Of dreams not pursued & other Gems

I received a new email this morning from Goodlife Zen about Izzy who was an educator but wanted to become a… wait for it… a NINJA!

Yes, a damn Ninja, of all the things that an educator might want to become.

The linked article is “how to embrace uncertainty in the pursuit of a dream” and starts as follows:

“Do you have a dream?

There are those moments in time when you can see it, feel it, and for a short moment you live it.

But then you come back to reality. You feel the doubts, the insecurity. The mind starts shelling out questions:
What about money?
What will your friends say?
What about your career?
What if you fail?

It’s scary, overwhelming. You want to do it, to go for it.

Sometimes you even swear “This is it!” but then the doubts start creeping.
I can’t do it.
It’s not realistic.
Focus on your career.

So with all this on your mind, you choose to wait. But there is a problem: As long as you keep choosing to wait, you will never move forward with your dream…”

Read the full article here and visit Izzy’s site where you can see what he calls “14 Ridiculous Pictures” like the one below.

Now if you have read this far and looked at Izzy above, then please continue because I have a few more gems courtesy of other inspirational folk.

One of my favourites is “If Not Now, When & If Not You, Who?” by Dr. Cindy Solliday-McRoy who says:

“Consider this your wake-up call. I’m here to remind you. This is your one shot at your life. It isn’t a dress rehearsal. There won’t be another show. You are here-and-now, by a special one time only, limited engagement. This is it! The one and only unique expression of YOU, you are ever going to get. What a great “present!” You don’t want to miss it! So, go ahead! Open it up. Look inside! Think to yourself: If not now when and if not you who? Carpe Diem!”

Read the full article here.

Michael Josephson’s “what will matter” is another favourite of mine.

Link to Michael Josephson (image above) here.

And if you are still hungry for more; check-out my previous post “The ultimate personal growth guide” where you will find “The ultimate personal growth guide” by Goodlife Zen.

Wishing all a splendid new work week during which time you will continue pursuing your dreams or at least start taking them more seriously.

Image above courtesy of Andy Carr.

Advertisements

Roscoe

My name is Roscoe. I was born in 2002.

When dad is cross with me he calls me: “Rascal”.

Staffordshire Bull Terrier x Boerboel they say.

Dad says I’m a mixture of whatever was going around the area over a period of time.

When I was young I quickly grew bigger than my dad’s size 8 shoe.

I was born into a large litter and from a young age was a bit of a loner.

My mom was very cheeky. I visited her a year after leaving home and she shouted at me!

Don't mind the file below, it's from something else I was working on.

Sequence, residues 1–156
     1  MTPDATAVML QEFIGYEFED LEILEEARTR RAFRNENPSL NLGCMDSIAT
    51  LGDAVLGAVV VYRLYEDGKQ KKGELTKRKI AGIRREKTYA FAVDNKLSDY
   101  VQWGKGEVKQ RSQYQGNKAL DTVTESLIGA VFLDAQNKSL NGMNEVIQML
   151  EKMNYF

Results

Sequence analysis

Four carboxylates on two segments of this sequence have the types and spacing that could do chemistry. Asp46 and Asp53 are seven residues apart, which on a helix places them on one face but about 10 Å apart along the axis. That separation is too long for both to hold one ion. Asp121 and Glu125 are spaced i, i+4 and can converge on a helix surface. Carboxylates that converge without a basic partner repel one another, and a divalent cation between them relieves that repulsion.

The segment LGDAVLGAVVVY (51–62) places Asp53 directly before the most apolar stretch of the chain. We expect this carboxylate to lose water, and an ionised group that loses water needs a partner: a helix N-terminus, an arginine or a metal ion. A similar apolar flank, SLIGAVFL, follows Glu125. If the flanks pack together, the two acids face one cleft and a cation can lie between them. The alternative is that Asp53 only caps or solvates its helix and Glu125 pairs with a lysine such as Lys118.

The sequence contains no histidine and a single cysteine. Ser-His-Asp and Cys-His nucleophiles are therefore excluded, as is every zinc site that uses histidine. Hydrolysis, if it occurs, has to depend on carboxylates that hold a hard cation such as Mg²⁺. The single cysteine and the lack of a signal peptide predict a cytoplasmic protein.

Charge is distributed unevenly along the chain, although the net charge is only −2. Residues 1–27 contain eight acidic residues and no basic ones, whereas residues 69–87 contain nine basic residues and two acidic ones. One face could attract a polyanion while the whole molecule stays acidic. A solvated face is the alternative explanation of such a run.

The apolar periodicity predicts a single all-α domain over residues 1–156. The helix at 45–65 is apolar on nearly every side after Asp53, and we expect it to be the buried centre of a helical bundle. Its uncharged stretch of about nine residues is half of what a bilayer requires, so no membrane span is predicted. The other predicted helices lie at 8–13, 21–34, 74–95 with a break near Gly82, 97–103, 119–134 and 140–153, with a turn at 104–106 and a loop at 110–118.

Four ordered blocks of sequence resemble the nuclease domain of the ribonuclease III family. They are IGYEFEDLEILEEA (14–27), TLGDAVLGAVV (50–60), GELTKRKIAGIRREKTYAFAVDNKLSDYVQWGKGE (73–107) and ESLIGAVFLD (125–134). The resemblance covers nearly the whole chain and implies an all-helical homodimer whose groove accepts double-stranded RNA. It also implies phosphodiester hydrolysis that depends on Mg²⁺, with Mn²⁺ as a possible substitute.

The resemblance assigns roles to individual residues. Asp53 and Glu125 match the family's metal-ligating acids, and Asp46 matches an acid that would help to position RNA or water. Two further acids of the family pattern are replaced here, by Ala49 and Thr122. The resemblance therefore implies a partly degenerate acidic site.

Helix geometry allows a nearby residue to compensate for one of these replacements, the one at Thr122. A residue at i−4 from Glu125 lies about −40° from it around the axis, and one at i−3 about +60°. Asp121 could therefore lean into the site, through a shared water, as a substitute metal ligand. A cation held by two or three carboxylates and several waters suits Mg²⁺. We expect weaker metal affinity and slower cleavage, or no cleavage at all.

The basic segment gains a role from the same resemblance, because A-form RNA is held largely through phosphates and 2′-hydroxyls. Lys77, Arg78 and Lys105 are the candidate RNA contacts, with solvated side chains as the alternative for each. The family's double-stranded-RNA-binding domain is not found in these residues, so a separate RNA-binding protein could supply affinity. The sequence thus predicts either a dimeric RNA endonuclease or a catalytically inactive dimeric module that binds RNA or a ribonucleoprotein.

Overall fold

I think my dad had a hard time with her mood swings.

I look like my dad but have my mom’s chest design.

My sister Jessie is thinner than me. Who knows where she is now.

My first playmate was an Airedale.

My life-mate is Charlie. She is now in dog-heaven.

I really miss Charlie and so does dad. But we make up for it by loving each other even more.

One day soon I will show you a video of how well I can swim and bite a swinging tyre.

Adiós.

PS – when I got big I had a girlfriend called Zille: click here.

Obrigado Brazil

As with my trip to Thailand many years ago, I have some low quality photos that were scanned (low quality again) a year or two after my return.

Why hide them away? No good reason; so let’s have a peep.

I seem to recall the trip was in 2003 (my passport is presently with the authorities so enable a compulsory VISA for my next trip).

It was a long haul on SAA (our struggling national carrier) from Durban – Johannesburg –  São Paulo – Rio de Janeiro. Well, a long haul in those days as I was still a “junior” traveller.

The photo below was taken at the “old” airport in Durban before my departure.

 

I first stayed in a hotel, 2 or 3 stars, not far from Copacabana Beach in Rio. I took the photo below from my expensive room that I do not remember at all.

 

Prior to my departure I read about a biker gang that took over the city, although I cannot easily find any reference right now to that incident. I also watched the movie City of God (2002) Cidade de Deus (original title) three times after returning home – a good movie: highly recommended.

I did the usual tourist things like stopping in at the first bar to sample the beer.

 

Next of course was the beach to see what all the hype was about re: bikinis on Copacabana and Ipanema.

 

It was a quiet day on the beach, but Google does help one see what I missed.

 

But who cares about bikinis when there was an opportunity to pass some time with some fellow anglers.